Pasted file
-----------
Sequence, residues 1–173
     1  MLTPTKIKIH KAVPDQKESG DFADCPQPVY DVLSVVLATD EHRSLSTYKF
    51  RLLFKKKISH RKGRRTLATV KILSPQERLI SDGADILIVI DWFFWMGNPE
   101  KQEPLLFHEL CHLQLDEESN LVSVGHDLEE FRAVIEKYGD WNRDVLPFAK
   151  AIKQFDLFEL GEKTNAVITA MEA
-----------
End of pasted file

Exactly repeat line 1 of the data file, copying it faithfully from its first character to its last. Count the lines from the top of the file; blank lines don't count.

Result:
Sequence, residues 1–173